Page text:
The word ‘diaspora’ has leapt from its previously confined use – mainly concerned with the dispersion of Jews, Greeks, Armenians and Africans away from their natal homelands – to cover the cases of many other ethnic groups, nationalities and religions. But this ‘horizontal’ scattering of the word to cover the mobility of many groups to many destinations, has been paralleled also by ‘vertical’ leaps, with the word diaspora being deployed to cover more and more phenomena and serve more and more objectives of different actors.
With sections on ‘debating the concept’, ‘complexity’, ‘home and home-making’, ‘connections’ and ‘critiques’, the Routledge Handbook of Diaspora Studies is likely to remain an authoritative reference for some time. Each contribution includes a targeted list of references for further reading. The editors have carefully blended established scholars of diaspora with younger scholars looking at how diasporas are constructed ‘from below’. The adoption of a variety of conceptual perspectives allows for generalization, contrasts and comparisons between cases.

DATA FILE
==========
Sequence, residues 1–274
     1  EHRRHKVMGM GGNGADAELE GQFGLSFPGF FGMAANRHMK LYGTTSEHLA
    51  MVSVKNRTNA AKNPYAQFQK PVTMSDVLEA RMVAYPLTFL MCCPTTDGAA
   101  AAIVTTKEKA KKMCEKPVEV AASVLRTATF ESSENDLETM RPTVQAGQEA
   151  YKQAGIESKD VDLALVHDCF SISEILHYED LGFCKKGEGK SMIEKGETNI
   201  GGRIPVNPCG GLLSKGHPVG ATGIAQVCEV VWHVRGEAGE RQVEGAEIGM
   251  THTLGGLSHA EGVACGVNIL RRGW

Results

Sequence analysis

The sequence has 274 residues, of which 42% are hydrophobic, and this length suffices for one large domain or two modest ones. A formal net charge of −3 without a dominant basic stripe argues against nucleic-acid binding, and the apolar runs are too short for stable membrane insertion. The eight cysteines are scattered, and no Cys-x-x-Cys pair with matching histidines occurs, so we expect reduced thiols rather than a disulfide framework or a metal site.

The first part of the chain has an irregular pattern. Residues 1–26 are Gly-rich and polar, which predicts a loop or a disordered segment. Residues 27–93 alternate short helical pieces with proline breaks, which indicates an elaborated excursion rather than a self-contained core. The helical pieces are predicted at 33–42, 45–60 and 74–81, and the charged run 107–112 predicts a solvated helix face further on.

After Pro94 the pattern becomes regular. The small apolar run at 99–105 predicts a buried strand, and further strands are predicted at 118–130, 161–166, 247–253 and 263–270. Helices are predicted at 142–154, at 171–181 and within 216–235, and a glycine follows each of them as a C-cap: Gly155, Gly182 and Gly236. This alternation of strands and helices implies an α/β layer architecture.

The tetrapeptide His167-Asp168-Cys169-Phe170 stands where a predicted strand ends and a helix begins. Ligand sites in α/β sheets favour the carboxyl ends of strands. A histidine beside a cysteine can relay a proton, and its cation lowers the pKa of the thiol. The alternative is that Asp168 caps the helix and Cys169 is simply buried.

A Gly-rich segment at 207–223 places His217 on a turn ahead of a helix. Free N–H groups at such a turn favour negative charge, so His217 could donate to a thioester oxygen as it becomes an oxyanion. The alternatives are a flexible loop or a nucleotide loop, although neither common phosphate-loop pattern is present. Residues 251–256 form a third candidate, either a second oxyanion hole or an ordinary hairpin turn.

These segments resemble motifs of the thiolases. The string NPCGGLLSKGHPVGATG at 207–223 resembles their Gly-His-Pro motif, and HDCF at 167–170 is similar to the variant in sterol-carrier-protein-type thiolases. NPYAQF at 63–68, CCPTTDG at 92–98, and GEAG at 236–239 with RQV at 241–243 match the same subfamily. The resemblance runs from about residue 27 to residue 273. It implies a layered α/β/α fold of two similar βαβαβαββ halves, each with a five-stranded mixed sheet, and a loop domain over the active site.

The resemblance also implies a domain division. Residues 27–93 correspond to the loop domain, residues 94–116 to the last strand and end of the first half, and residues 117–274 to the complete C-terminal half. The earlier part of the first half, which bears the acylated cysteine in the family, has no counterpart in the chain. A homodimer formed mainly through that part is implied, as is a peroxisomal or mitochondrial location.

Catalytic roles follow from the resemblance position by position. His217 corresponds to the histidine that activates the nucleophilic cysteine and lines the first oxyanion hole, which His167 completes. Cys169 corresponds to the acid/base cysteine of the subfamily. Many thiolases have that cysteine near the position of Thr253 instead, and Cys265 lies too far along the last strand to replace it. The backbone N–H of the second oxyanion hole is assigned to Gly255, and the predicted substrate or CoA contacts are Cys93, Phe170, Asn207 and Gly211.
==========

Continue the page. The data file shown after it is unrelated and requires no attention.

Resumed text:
In this exciting and authoritative collection over 40 scholars from many countries have explored the evolving use of the concept of diaspora, its possibilities as well as its limitations. This Handbook will be indispensable for students undertaking essays, debates and dissertations in the field.
Van Hear, N. (2019) “Diaspora and class, class and diaspora” in Routledge Handbook of Diaspora Studies, Cohen, R. (Ed.), Fischer, C. (Eds.) London: Routledge, https://doi.org/10.4324/9781315209050